May 12, 2023 | SPORTS | By Pierce Sullivan, Sports editor

Growing up watching ski movies and pouring over the latest edition of Ski Magazine, it was always something of a dream of mine to, one day, delve into the world of ski mountaineering.

Unfortunately for me, the mountains in my hometown didn’t exactly lend themselves to that sect of adventure.

Even at Colorado College, where it often feels like everyone is a world-class mountaineer, the world of ski mountaineering initially felt impossible to break into.


Skiing itself already has such a high barrier to entry in terms of cost and culture, but ski mountaineering adds even another element to the sheer amount of knowledge needed to partake in it safely.

Which brings me to my last Block Break, when I went on a trip that made 12-year-old-me’s dreams come true: going on a five-day ski mountaineering traverse through the southern Gore Range of Colorado.

This was not the kind of trip that I could just go out on without any preparation. Over the past year, I have taken a multitude of classes and courses to learn the necessary skills for a trip like this, all of which have been paid for through CC.

Established in 1993, the Ritt Kellogg Memorial Fund was founded with the following mission: “To inspire and empower Colorado College students to imagine, explore, challenge and grow in their own responsible and conscientious pursuit of outdoor adventure and education. The mission is perpetuated through Expedition grants, Education grants, Growth grants, environmental service, and books donated to the Tutt Library.”

Named in honor of Peter Rittenhouse “Ritt” Kellog ’90, an accomplished mountaineer, guide and CC alum, who died in an avalanche on Mount Foraker, Alaska, in 1993, the RKMF has since been providing CC students ever-expanding access to safer ways to travel in the mountains.

I first learned of the RKMF when I started looking into a Level 1 Avalanche Safety Course, offered through the American Institute for Avalanche Research and Education, in the fall of 2021.

The fund provides access to four kinds of grants for CC students: Expedition, Pathways, Education and Growth Grants.

Intimidated by the AIARE course’s price tag, which sat at just under $600, I stumbled across the RKMF Education grants, which will cover up to $600 for a wide swath of different outdoor safety courses.

These education grants are what have made my foray into the world of ski mountaineering possible. Following the AIARE 1, I, along with three other CC students, Anna-Grace Keller ’25 and Jordan McMurtry ’25, took a three-day ski mountaineering course through Pikes Peak Alpine School, of which the $550 course fee, along with gas used for the course, was covered.

This past year, the group that I had attended these prior courses with sought to start putting our training to some real use in a trip over Block Break 7. We tailored this trip to fit the mold of the RKMF Pathways Grant, designed “for CC students to plan, propose, and execute six-day or longer trips to practice and develop their outdoor skills, build their confidence in an expeditionary setting, while preparing them to plan and propose future extended outdoor experiences like a Ritt Kellogg Memorial Fund Expedition.”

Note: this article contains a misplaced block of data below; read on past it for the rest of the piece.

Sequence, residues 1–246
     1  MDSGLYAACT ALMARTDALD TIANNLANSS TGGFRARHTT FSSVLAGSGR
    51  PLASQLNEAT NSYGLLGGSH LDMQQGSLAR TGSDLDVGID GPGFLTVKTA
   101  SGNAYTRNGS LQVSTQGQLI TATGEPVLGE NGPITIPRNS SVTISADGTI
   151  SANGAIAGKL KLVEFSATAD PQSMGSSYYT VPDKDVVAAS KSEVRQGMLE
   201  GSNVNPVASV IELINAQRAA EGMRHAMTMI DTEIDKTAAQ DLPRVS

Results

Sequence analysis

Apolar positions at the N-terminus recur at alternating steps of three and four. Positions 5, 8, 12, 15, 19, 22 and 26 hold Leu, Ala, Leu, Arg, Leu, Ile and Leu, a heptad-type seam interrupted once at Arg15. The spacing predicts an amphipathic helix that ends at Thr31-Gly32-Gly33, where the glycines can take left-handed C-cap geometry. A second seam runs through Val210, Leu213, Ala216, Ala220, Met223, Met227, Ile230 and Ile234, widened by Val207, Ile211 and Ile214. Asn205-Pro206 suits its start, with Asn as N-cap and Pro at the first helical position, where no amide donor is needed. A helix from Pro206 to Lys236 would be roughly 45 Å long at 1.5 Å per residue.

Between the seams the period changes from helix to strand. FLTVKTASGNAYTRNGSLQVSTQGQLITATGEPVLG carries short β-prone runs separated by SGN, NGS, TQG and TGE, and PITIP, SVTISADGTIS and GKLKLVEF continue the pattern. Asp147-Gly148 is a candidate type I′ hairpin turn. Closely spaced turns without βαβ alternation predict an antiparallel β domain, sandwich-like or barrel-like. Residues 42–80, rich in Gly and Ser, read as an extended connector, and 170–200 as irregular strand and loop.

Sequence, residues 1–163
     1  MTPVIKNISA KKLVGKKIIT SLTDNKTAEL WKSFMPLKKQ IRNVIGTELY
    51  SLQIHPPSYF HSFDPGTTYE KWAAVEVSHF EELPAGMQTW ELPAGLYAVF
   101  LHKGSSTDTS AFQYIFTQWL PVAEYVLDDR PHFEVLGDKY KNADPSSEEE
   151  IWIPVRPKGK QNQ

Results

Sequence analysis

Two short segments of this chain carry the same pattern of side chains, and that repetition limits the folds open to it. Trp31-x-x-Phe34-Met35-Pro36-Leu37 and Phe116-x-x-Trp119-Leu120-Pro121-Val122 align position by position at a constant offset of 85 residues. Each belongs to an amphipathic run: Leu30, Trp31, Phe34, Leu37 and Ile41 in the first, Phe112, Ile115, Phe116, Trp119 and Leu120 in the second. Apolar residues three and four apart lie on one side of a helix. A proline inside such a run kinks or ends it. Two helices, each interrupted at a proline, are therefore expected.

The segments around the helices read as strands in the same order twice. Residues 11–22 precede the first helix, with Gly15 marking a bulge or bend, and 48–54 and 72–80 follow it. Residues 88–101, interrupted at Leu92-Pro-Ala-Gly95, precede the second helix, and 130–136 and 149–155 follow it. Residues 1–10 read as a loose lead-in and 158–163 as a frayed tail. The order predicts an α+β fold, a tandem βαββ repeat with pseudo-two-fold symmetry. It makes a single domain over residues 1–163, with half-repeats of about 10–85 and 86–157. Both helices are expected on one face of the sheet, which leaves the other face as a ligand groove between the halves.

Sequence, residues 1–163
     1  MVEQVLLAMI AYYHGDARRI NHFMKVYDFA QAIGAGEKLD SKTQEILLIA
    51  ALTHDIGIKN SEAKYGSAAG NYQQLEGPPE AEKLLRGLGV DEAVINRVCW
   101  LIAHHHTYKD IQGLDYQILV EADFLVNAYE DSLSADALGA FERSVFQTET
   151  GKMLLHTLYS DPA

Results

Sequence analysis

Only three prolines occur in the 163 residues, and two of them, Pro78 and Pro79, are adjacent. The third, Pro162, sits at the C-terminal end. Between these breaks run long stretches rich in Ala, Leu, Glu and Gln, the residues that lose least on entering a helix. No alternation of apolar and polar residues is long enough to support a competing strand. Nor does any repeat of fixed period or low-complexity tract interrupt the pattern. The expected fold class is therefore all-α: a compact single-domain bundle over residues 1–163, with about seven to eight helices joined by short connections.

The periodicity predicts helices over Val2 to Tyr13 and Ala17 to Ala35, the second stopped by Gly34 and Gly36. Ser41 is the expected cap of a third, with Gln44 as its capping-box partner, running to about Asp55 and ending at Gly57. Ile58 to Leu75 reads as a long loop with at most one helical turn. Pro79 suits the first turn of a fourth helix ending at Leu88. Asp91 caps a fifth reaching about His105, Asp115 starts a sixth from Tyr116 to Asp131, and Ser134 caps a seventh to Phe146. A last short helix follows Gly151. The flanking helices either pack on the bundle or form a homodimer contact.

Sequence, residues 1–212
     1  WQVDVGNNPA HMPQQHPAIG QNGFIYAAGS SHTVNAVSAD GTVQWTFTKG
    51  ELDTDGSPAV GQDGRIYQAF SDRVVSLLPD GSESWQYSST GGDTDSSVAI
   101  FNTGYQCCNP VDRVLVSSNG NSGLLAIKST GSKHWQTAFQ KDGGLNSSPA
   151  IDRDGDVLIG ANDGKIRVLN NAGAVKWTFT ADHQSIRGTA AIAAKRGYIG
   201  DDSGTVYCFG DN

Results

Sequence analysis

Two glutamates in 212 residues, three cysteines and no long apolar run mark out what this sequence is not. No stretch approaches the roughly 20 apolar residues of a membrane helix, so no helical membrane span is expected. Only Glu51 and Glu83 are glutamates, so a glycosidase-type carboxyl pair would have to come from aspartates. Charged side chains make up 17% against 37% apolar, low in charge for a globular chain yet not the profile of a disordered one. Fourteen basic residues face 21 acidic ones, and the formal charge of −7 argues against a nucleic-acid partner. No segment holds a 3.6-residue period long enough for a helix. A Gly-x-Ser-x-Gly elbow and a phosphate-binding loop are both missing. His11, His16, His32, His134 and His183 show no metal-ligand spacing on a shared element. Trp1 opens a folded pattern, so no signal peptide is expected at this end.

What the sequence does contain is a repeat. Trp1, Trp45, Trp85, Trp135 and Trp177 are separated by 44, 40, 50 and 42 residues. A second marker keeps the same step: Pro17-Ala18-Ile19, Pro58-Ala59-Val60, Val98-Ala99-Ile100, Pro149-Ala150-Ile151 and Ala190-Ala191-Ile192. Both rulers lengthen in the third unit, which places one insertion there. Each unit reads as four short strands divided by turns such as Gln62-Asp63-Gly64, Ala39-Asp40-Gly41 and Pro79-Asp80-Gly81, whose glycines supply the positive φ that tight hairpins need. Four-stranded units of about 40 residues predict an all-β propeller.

Prior to the trip, we pursued yet another Education Grant, this time containing a twist. Instead of a previously established course, we worked with Pete Lardy of Pikes Peak Alpine School to tailor a two-day course, which would focus on specific skills needed for overnight ski tours.

The flexibility offered to CC students to hone skills at very little cost for themselves is unmatched. Education Grants have a straightforward, concise application process and pledge to cover 75-100% of the course fees.

The Pathways Grants offer a slightly more intensive experience, both in terms of the trips proposed and the application process. A full-fledged trip proposal must be submitted, with an emphasis on risk mitigation. Applicants must also show that they are adequately qualified for the trip they are proposing.

The culminations of the Education and Pathways Grants are the Expedition Grants. As for the original flagship grant, the proposed trips must be wilderness-based and feature at least 12 unsupported days in the backcountry. These grants can be up to $1500 per person.

There is a fourth grant offered through the RKMF, the Growth Grant, which serves another integral role in the path laid out to gain experience in the backcountry. According to the Fund, “Growth Grants are focused on providing financial support for communities which deserve more access within the outdoors including gender minorities, LGBTQ+ individuals, Black, Indigenous, Latinx, and other racial identities, and students from low-income families.”

The structure of the RKMF has clearly been fine-tuned to provide students a highly accessible way to gain access to the outdoors and activities which are hard to break into. The Fund is managed by an Advisory Committee made up of “a collection of experienced mountaineers, boaters, outdoorspeople, academics, outdoor educators and accomplished managers from the private and non-profit sectors.”

The RKMF provides CC students with an entirely unique opportunity to access the outdoors in unparalleled ways and does a fantastic job of limiting barriers of all shapes and sizes to make trips possible that your middle-school self could only dream of.

1 Comment

  1. Hi Pierce! Nice write-up and pictures! So glad you’ve had the chance to utilize these resources, and especially enjoy a successful and challenging trip. Hope to see you in the mountains some day.

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